Recovery means consistently not using food behaviors to cope and communicate your needs and desires, because you have developed more effective healthy ways to cope and express yourself.

Recovery means never dieting.  That’s right! You can never diet again. This is such a challenging area for many people. So very often, clients say to me “Normal people diet. Normal people manipulate their bodies. Normal people overexercise. Normal people use diet pills. How come they can do these things and I can’t?”

“Normal” people don’t have a mental illness where any or all of these behaviors are symptoms of the illness, and when engaging in these behaviors are expressing symptoms of the illness and thus making it worse.

It is not “normal” to do any of those things. Just because something is common, doesn’t mean it is “normal” and it definitely doesn’t make it good or right or healthy or something to aspire to. In my opinion, recovery means not restricting, bingeing and purging, using other substances (diet pills etc), compulsive exercise behaviors, or any type of harmful behavior (even “mildly”).

Once you have an eating disorder, you are VULNERABLE to all things that “normal” people engage in related to food/exercise. That isn’t your fault. It is simply a side effect of having an eating disorder.

Even when you are in a healthy place in your recovery, certain behaviors will still put you at risk. Dieting, for example, is the number one behavior that triggers eating disordered thoughts and can be a catalyst sending you right back into your illness. So you can never diet again…ever. Recovery means redefining “normal”.

How does exercise fit into recovery? Again, remember that you are vulnerable. Exercise (even if it has never been a part of your illness) can be tricky. Everyone knows that movement is good for people. When you have a history of an eating disorder, you have to be attentive to the purpose behind the desire to exercise. If you are healthy and you exercise, you have to be cautious that the purpose doesn’t switch from being healthy to “feeding” your illness. Be honest with yourself and set healthy goals for your exercise. Make sure it doesn’t take on a level of importance where it becomes a “job” or a “behavior”.

Recovery means having a peaceful relationship with food. Food is an essential part of life, but when you are in recovery, food doesn’t occupy all your thoughts. In recovery, you think about food in a neutral or positive way. You don’t have strict black and white rules regarding food, unless medically necessary.

Recovery doesn’t mean having a perfectly happy existence. But, your worst day well will still be better than your best day sick because you won’t be sick and your life will be REAL. Life has ups and downs. Life is difficult at times and joyous at times. Your eating disorder just makes life more difficult on every level, in every way. So, without it, your life ultimately will be less difficult. You will also feel all your feelings – the positive ones and the negative ones. Your feelings are essential, and feeling themwon’t kill you!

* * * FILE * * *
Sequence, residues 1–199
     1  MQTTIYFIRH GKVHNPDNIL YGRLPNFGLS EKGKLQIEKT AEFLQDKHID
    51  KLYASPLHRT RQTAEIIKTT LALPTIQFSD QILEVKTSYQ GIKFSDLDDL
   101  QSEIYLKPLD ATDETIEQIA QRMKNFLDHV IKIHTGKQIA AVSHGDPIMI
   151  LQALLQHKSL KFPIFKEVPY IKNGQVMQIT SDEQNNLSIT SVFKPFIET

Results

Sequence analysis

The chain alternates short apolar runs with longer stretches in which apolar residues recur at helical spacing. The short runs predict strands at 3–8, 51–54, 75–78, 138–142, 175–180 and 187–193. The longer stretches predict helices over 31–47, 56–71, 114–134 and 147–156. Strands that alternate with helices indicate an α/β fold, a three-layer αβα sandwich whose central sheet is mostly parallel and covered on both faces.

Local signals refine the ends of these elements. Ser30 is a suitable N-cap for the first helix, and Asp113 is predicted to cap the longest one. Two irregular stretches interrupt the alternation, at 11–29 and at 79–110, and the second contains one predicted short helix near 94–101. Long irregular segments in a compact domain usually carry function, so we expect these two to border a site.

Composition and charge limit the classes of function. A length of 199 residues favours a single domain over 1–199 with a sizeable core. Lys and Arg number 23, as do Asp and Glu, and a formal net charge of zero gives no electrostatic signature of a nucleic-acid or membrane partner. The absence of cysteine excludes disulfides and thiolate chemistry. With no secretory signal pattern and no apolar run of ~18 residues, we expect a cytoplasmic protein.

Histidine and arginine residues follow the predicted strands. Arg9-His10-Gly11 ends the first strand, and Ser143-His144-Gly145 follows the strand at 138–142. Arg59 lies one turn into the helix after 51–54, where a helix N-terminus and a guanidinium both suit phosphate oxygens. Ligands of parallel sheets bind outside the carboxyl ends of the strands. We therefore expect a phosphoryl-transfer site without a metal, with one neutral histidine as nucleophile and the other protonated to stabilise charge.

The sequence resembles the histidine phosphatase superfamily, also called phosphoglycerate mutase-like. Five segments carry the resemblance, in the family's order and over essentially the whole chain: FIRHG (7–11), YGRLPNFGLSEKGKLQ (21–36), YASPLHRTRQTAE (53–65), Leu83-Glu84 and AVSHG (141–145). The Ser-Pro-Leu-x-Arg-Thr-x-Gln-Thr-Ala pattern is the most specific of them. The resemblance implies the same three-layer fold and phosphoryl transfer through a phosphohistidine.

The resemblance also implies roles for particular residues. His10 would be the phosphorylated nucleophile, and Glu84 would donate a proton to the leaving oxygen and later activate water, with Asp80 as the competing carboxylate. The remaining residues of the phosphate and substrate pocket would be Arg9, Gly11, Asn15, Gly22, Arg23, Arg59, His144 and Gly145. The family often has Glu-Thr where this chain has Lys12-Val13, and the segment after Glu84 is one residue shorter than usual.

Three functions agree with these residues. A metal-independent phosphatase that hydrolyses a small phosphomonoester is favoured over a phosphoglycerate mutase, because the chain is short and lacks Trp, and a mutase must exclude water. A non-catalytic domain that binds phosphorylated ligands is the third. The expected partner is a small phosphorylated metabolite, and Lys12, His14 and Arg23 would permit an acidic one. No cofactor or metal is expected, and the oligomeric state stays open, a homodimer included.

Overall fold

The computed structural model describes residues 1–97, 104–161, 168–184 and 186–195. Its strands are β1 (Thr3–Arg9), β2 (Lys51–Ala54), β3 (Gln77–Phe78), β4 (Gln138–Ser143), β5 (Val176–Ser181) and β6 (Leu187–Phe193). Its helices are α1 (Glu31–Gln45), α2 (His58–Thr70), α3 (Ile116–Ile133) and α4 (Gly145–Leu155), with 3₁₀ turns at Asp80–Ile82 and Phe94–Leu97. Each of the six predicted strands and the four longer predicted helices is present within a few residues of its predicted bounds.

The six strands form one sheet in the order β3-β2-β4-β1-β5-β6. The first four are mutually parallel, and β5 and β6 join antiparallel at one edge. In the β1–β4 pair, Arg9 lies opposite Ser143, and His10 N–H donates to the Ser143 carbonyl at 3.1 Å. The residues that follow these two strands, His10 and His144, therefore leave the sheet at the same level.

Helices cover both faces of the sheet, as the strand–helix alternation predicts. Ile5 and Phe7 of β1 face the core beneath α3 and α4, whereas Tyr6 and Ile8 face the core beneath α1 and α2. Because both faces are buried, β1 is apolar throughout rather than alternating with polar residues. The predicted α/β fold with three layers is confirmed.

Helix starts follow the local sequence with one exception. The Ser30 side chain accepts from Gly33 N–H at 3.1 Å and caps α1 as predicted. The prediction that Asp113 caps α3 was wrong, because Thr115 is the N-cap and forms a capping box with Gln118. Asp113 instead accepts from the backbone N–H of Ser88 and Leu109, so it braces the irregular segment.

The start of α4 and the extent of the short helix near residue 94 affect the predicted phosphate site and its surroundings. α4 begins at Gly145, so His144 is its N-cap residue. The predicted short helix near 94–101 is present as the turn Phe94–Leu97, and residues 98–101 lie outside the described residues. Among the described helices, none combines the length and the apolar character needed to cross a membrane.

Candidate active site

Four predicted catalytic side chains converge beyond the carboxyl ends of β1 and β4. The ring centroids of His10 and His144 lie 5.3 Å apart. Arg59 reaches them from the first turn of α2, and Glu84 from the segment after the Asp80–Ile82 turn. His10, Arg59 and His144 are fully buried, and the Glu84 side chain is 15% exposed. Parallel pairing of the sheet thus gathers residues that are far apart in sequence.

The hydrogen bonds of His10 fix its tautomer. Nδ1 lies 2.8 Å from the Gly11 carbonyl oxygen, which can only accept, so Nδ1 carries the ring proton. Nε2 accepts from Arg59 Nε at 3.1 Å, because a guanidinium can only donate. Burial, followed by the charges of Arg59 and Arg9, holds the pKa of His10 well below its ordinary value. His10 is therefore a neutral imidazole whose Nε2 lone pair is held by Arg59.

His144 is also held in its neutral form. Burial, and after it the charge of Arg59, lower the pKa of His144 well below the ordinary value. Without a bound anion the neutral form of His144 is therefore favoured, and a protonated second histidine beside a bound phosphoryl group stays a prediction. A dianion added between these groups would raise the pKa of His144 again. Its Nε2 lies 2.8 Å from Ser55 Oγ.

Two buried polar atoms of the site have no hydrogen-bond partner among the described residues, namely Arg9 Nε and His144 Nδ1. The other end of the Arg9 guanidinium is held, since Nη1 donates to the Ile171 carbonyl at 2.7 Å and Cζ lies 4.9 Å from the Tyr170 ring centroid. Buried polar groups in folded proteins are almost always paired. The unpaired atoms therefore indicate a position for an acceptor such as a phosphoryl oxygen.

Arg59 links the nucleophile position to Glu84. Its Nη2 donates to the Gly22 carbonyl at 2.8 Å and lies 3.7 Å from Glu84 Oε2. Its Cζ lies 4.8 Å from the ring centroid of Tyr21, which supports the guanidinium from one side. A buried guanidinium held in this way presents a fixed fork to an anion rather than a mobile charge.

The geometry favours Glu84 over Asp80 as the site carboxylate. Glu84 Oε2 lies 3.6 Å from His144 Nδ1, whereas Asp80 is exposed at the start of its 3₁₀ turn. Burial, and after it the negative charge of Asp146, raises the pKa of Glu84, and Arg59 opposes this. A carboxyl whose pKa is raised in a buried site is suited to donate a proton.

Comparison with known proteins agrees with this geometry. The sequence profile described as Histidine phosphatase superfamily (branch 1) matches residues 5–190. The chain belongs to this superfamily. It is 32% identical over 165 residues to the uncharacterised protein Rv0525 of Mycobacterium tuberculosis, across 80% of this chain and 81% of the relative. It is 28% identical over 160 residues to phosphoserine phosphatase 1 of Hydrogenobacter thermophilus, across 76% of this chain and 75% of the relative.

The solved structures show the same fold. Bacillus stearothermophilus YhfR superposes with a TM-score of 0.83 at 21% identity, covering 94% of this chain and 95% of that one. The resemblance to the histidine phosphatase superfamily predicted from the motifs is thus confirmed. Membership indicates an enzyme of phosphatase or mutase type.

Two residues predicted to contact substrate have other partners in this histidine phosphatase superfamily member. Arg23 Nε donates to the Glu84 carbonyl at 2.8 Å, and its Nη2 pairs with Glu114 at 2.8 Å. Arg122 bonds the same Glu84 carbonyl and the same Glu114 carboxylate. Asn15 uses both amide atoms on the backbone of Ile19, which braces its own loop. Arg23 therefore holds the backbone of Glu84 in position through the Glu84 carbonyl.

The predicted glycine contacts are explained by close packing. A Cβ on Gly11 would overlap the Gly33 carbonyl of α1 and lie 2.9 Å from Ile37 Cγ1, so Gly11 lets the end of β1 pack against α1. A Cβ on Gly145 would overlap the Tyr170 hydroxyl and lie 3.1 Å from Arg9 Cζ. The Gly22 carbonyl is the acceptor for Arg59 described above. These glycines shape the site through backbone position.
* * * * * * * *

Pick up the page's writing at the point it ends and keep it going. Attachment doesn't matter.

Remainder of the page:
Think of all the things you cannot do because of your illness. You will have the opportunity to do any of these things, if you choose, when you are in recovery.  It is freedom.

Recovery means practicing different forms of regular, consistent self-care. Everyone has different ideas of how they can practice this. For some, self care involves having hobbies like reading, blogging, knitting, or doing crossword puzzles. Others like to have creative outlets like singing, painting, playing a musical instrument, or other art forms. Some like listening to inspirational music every day. Whatever you consider self-care, you need to do it regularly.

Recovery is whatever you want it to be. It’s your life. Define it. You only get one life, make it the best one it can be! It’s worth going for!!!


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Should I or Shouldn’t I?

Have you ever been feeling pretty good in recovery, feeling like you are getting more comfortable with yourself and with your eating, when you ask yourself  “should I or shouldn’t I try on that skirt I wore last year?” or “should I or shouldn’t I get on the scale?”

Should you or shouldn’t you?

You have to ask yourself a couple other questions first.

“Will I be ok with whatever the outcome is?”

“If this skirt doesn’t fit, will I be triggered, feel bad about myself and then be tempted to use eating disordered behaviors to make me feel better?”

“If the skirt does fit, will I be triggered to want to ‘step-up’ my eating disordered behaviors to make it feel even ‘better’?”

“If the number on the scale is up, am I strong enough to let it go and not have it influence the rest of my day or week or will I beat myself up and catastrophize everything I have eaten in the past day, week or month?”

“If the number on the scale is down, can I simply go on with my day or will I then overthink every morsel of food I put into my mouth next so that I can keep seeing the number go down?”

“If the number is down, but it’s supposed to go up, will I give up?”